Trump’s tax cuts have caused a massive increase in the US federal government deficit for little economic benefit. But at least they have shown very clearly that tax cuts do not pay for themselves:
It has reached the point where the yield for the US 10 year treasury bond is nearly as low as that for two year treasury bonds – a sign that investors are losing faith that the future is looking better than the present:
When the 10 year bond yield goes below the two year yield a recession usually follows (often due to a self-fulfilling prophecy). We’re not there yet, but there is more than enough cause for caution.
Locally things also deserve a bit of vigilance.
While the most recent estimate for private investment sees an overall increase in spending in 2018-19 compared to 2017-18, the growth in non-mining investment is slowing somewhat from what occurred last financial year:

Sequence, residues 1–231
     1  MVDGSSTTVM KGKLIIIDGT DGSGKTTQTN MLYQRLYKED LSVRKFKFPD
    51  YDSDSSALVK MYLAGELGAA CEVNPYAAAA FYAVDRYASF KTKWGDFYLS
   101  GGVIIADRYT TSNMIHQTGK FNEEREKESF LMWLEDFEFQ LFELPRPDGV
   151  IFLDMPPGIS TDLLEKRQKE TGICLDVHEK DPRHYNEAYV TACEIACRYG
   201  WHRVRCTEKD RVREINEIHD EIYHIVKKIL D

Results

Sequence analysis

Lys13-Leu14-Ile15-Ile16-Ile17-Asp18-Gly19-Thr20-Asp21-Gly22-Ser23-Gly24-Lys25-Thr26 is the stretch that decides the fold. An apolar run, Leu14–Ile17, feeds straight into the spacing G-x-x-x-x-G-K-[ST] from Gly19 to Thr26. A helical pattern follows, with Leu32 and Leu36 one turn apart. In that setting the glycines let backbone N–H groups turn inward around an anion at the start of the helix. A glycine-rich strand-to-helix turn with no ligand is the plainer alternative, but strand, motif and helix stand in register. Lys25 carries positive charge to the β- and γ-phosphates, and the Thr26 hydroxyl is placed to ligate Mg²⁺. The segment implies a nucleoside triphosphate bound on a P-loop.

The Department of Jobs leading indicator of employment remains in positive, but it is clearly less positive than it was at the start of the year:
It suggests employment growth will moderate somewhat, but should still grow steadily – if not at the levels seen in 2017:
As we have seen the picture for house prices looks to be one of further declines, given the drop in housing finance:
Only Tasmania has seen any really solid growth of owner-occupier home loans in the past year:
The housing picture might change somewhat by the announcement yesterday by the Australian Prudential Regulation Authority (Apra) to remove the restrictions in place since March 2017 of banks limiting interest-only lending to 30% of new home loans.
That measure had helped slow investor lending, but its removal is unlikely to set off a fresh surge of investor buying.
And the current outlook for interest rates is that they will stay exactly where they are. This can change (after all in June the market was predicting a rate rise by October next year), but it would require a big improvement in wages or inflation growth for that to happen: